China’s approval of the national security law signals the premature end to Hong Kong’s autonomy

29 May 2020

China has now approved its controversial national security law for Hong Kong, further tightening its political control over the city’s special administrative region status. 

Hours before its approval, the United States implied it would revoke the special status conferred on Hong Kong for its trading and economic privileges, not that it made Beijing flinch. In fact, the legislation was passed at god-speed at China’s annual session of the National People’s Congress on 28th May 2020, bypassing Hong Kong legislature. The headline of the security law is to suppress subversion, secession, terrorism and seemingly any acts that might threaten national security in Hong Kong. In the coming weeks, Beijing will be fine-tuning the details of the legislation, which will determine the final fate of Hong Kong’s autonomy (or lack of it).

While some view the implementation of the security law would help dissolve the tension built up by months of protests in Hong Kong and help the city return to normality, much of the world has condemned it with the International Bar Association and the International Bar Association’s Human Rights Institute marking this as an ‘unconscionable’ threat to judicial independence in Hong Kong. In the last week, brave protestors of Hong Kong have re-emerged on to the city’s streets, despite COVID-19 worries hanging in the air, flooding street corners of Hong Kong with cries of despair, anger and frustration to the law being proposed (imposed). There is a bleak realisation that what is left of their freedom of expression, once preserved in the city’s Basic Law, is quickly evaporating before them:–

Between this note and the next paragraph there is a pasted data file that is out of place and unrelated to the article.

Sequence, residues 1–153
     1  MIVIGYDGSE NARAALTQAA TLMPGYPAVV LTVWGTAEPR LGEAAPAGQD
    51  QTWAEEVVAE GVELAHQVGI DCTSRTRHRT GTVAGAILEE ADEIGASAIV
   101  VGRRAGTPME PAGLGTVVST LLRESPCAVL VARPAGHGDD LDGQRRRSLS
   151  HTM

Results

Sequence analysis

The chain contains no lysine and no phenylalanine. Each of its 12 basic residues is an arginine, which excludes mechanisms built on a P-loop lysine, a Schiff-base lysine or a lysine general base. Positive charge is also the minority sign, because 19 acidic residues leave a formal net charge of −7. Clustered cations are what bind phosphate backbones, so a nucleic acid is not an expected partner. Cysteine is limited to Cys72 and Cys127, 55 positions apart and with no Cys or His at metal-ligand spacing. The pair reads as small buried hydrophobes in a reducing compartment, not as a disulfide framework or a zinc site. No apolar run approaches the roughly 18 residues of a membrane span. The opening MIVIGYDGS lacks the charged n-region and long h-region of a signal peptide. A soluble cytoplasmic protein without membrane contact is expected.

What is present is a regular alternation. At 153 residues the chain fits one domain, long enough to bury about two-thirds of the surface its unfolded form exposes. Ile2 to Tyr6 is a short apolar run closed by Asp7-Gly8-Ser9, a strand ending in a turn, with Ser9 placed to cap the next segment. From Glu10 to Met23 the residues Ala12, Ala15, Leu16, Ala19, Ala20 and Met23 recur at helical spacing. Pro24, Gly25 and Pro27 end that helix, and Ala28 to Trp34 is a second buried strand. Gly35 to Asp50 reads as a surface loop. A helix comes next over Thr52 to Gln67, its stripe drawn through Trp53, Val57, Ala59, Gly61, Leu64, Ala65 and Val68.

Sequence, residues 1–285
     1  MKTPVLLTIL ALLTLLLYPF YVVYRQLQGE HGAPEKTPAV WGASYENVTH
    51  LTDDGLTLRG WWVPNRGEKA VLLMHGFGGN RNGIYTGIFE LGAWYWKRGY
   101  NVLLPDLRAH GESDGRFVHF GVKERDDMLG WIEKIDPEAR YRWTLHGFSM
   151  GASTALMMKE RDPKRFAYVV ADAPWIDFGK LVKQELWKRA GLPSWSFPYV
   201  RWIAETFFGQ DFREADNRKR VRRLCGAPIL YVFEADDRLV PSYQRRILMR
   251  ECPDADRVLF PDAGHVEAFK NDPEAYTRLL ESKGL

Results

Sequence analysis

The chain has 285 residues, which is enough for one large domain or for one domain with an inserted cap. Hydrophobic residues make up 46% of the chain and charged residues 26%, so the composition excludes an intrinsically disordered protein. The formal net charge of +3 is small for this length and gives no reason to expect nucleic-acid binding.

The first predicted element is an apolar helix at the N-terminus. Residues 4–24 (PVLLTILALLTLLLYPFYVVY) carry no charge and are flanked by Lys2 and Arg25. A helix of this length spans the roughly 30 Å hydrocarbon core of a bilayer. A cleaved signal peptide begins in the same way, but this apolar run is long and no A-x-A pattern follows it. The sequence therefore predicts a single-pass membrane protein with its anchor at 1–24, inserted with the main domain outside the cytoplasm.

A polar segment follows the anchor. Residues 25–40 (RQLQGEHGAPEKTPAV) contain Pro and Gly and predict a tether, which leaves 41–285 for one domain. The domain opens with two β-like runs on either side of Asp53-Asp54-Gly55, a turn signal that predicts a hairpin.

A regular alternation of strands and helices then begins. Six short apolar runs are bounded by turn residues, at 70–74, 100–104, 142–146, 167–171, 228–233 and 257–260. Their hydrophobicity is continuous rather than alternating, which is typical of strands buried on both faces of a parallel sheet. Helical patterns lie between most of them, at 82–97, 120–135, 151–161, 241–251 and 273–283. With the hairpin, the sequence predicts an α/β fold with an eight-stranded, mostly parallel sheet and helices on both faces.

Hong Kong residents shall have freedom of speech, of the press and of publication; freedom of association, of assembly, of procession and of demonstration; and the right and freedom to form and join trade unions; and to strike. (Article 27)”

Many view this to be the final nail in the coffin for Hong Kong’s ‘one country, two system’ constitution. China’s act of defiance to worldwide outcry in passing the law clearly shows its intent to dishonour its handover agreement with Britain.

So, what is the UK doing in response?

There is certainly sympathy and support in the UK to respond to the ever growing infringement by China on Hong Kong’s autonomy. The UK’s Foreign Secretary, Dominic Raab, has recently indicated that, if China continues to impose its security laws on Hong Kong, the UK would be prepared to allow BN(O) passport holders to stay in the UK for a period of up to 12 months (where currently BN(O) passport holders are only permitted to visit the UK for up to six months). Some have reacted disappointingly that the UK was not prepared to go further in granting full citizenship rights to BN(O) passport holders as Dominic Raab’s proposed concession would only allow an extended UK visit – this does not mean BN(O) citizens could start working in the UK.

In fact, having BN(O) status does not offer holders any preferential treatment under UK immigration and nationality laws. BN(O) passport holders do not have the same rights as “full” UK passport holders. There is no automatic “right of abode” – i.e. you cannot live and work in the UK without first obtaining a UK visa. You cannot pass your BN(O) status to your spouse or children so, naturally, the number of Hong Kong citizens with BN(O) status are dwindling. Prior to 1997, there were around 3.4million BN(O) passports in circulation. Now, there is around 315,000 valid BN(O) passports.